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Sunday, August 12, 2007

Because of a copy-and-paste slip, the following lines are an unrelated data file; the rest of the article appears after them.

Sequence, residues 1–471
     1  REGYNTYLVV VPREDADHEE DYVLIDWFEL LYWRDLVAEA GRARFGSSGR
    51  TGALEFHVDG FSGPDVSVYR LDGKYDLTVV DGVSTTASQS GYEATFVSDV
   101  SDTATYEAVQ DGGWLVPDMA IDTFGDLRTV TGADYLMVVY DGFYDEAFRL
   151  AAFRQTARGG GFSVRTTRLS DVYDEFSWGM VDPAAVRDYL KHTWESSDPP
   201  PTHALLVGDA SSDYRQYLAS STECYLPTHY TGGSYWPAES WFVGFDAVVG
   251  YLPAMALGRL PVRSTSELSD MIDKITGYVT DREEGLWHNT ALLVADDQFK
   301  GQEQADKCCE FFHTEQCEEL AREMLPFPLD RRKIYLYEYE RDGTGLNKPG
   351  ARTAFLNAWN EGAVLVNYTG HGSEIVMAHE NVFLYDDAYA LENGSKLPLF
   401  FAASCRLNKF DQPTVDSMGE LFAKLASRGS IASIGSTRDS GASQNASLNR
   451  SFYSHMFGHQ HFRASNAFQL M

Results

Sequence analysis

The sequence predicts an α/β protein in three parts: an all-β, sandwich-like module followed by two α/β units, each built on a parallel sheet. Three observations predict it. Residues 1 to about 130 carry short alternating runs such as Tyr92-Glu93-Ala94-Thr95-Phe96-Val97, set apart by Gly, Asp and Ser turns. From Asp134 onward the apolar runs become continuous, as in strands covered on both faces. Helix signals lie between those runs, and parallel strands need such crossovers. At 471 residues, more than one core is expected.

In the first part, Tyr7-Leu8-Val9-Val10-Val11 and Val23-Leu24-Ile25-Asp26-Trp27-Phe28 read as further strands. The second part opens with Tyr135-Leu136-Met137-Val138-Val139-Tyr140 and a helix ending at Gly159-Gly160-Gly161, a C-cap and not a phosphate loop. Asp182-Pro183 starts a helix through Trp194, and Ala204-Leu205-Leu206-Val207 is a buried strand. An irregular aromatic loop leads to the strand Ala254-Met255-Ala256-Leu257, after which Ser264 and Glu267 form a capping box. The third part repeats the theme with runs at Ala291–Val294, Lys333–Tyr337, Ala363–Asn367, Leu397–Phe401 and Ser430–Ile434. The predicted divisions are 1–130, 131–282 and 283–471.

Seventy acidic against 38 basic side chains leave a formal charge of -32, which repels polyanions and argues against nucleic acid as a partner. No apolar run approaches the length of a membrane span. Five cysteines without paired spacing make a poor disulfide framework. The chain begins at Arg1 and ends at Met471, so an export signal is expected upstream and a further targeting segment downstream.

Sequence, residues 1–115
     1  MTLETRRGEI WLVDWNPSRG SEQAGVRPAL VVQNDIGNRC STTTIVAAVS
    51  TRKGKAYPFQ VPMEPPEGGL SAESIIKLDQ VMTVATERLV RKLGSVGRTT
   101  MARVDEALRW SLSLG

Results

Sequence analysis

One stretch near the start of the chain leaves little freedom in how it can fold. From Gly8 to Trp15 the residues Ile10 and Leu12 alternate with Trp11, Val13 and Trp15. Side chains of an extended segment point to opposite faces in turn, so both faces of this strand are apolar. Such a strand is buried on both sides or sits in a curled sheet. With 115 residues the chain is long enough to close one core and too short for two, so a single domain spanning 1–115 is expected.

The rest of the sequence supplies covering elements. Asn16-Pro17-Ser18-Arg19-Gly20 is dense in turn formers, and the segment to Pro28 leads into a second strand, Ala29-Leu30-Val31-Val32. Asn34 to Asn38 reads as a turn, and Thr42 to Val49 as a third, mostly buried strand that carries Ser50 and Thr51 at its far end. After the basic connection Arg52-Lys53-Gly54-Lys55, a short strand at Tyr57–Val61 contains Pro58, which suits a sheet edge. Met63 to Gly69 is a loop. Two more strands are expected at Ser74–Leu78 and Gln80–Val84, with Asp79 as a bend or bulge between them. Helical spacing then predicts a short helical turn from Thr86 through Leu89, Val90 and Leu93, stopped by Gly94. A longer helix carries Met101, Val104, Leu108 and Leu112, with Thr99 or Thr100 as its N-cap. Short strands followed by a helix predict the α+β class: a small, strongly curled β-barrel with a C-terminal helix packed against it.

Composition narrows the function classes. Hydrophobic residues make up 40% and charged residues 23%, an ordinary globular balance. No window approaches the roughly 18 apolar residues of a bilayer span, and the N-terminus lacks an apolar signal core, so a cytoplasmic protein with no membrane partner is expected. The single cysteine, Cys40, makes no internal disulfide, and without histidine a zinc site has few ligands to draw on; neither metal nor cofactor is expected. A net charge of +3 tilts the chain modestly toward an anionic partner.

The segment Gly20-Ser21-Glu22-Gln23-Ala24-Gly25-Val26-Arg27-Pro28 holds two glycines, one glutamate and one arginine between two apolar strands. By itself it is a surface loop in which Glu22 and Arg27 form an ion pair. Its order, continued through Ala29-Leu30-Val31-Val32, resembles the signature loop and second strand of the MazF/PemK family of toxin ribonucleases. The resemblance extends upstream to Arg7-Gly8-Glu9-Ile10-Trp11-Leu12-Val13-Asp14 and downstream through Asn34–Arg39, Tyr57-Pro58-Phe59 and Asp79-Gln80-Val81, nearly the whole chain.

Kangaroo skin soccer boots test US democracy